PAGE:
By Richard Gaines
A peer review panel Thursday validated a exceedingly grim stock assessment of Gulf of Maine cod finding that the foundation fish for the inshore dayboat fleet, operating primarily out of Gloucester, is overfished and subject to continued overfishing.
So bad was the assessment — reversing the optimistic report from a benchmark 2008 assessment — that the rebuilding deadline of 2014 could not be met even if all Gulf of Maine landings of cod were halted, experts say.
The peer review panel of four issued its findings during a week-long meeting at the NOAA Science Center in Woods Hole.
"A final assessment report, incorporating the recommendations of the reviewers, will be available by the January New England Fishery Management Council meeting, where it will presented," said NOAA spokeswoman Teri Frady.
Based on the stock assessment, the council's Science and Scientific Committee will develop a recommendation for consideration at the January council meeting.
"The results will have devastating implications for the Gulf of Maine groundfishery," said SSC member and former chairman Steve Cadrin. "Even in the best-case scenario, the impact will still be devastating."
He said the new assessment found that cod mortality was five times the definition of overfishing.
Fishing industry leaders Thursday also saw a grim future based on the new assessment.
"A shutdown for cod is a shutdown for the fishery," said Jackie Odell, executive director of the Northeast Seafood Coalition.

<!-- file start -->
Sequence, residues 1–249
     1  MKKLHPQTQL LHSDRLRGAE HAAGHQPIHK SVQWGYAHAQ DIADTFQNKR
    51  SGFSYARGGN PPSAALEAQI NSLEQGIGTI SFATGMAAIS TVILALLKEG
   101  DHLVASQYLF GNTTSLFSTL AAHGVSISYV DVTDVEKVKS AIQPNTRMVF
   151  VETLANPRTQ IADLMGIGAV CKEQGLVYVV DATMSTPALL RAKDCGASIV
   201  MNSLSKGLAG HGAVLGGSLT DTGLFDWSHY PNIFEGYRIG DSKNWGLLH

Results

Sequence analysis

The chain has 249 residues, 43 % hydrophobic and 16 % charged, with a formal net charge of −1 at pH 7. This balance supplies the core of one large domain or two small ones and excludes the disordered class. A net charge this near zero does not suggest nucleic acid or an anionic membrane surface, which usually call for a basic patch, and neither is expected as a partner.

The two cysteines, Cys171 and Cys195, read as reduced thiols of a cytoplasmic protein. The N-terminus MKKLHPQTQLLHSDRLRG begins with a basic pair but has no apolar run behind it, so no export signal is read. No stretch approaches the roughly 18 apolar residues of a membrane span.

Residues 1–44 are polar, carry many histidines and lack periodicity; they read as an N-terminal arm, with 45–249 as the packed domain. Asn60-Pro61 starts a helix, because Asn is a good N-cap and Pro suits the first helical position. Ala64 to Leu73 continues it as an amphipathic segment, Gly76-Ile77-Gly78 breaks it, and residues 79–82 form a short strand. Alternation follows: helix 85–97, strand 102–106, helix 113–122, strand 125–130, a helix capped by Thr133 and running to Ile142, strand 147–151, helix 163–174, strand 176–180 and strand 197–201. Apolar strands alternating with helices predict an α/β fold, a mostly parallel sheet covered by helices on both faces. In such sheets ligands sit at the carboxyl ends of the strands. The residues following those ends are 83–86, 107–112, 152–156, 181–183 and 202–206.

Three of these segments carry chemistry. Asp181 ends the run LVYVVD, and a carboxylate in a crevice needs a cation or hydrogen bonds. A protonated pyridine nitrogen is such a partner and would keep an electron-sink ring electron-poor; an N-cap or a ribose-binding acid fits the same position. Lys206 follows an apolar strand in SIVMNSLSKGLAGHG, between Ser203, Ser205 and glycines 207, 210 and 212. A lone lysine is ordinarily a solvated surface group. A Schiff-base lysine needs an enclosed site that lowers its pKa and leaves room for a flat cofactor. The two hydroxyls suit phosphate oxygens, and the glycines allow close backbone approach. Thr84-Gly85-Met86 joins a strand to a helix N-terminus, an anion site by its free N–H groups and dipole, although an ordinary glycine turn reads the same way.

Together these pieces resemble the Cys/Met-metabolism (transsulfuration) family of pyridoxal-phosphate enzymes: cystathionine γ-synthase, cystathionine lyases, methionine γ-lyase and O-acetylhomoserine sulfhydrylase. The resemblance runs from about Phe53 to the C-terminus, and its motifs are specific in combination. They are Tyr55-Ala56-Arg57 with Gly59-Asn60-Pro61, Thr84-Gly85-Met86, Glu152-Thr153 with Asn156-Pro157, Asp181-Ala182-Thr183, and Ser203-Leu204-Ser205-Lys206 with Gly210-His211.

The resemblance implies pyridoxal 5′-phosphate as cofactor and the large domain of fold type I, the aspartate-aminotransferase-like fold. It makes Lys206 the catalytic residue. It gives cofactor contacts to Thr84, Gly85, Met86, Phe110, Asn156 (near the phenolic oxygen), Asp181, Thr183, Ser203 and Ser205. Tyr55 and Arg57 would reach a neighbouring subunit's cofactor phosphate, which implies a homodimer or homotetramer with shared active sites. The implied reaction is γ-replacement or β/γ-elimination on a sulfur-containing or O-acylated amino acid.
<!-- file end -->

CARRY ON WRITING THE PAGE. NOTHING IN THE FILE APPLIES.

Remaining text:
The results could become a driver for the congressional movement to write flexibility into the Magnuson-Stevens Act, she said.
The 1996 reauthorization included a mandate for 10-year rebuilding deadlines for overfished stocks. The Gulf of Maine Cod stock was put on a deadline for full restoration by 2014.
The 2008 benchmark assessment of all groundfish, while primarily made up of discouraging findings, gave Gulf of Maine cod optimistic expectations, and these were matched by fishermen's landings that suggested that the stock could be counted on even as the 2006 reauthorization included hard catch limits to insure the deadlines were met.
Fishermen were generally faced with fractional allocations of Gulf of Maine Cod.
A number of day boat fishermen over the past six months have reported to the Times that larger trip boats — sized, rigged and staffed to work the offshore waters of Georges Bank — had been making brief runs into the Gulf of Maine stocks of Stellwagen Bank on their way to and from the offshore zones.
But Odell said the dramatic reversal of the findings from 2008 and 2011 were difficult to reconcile.
Cadrin, who is on the faculty of School of Marine Science and Technology at University of Massachusetts-Dartmouth, said very large tows in 2007 and 2008 by the trawl survey vessel seemed to give an exaggeratedly optimistic gloss to the assessment.
The assessment team of several dozen people worked with annual trawl data and reported commercial and recreational landing and discard reports.
He said the assessment science was still largely guesswork. Among many assumptions he said NOAA scientists make, "We make assumptions that cod don't move in and out" and shift between Georges Bank and Gulf of Maine.
Based on the data and assumptions, he said, scientists then create models that can be useful to managing the fishery.
"The challenge," he said, "is to manage the fishery with imprecise science."
Richard Gaines can be reached at 978-283-7000, x3464, or at firstname.lastname@example.org.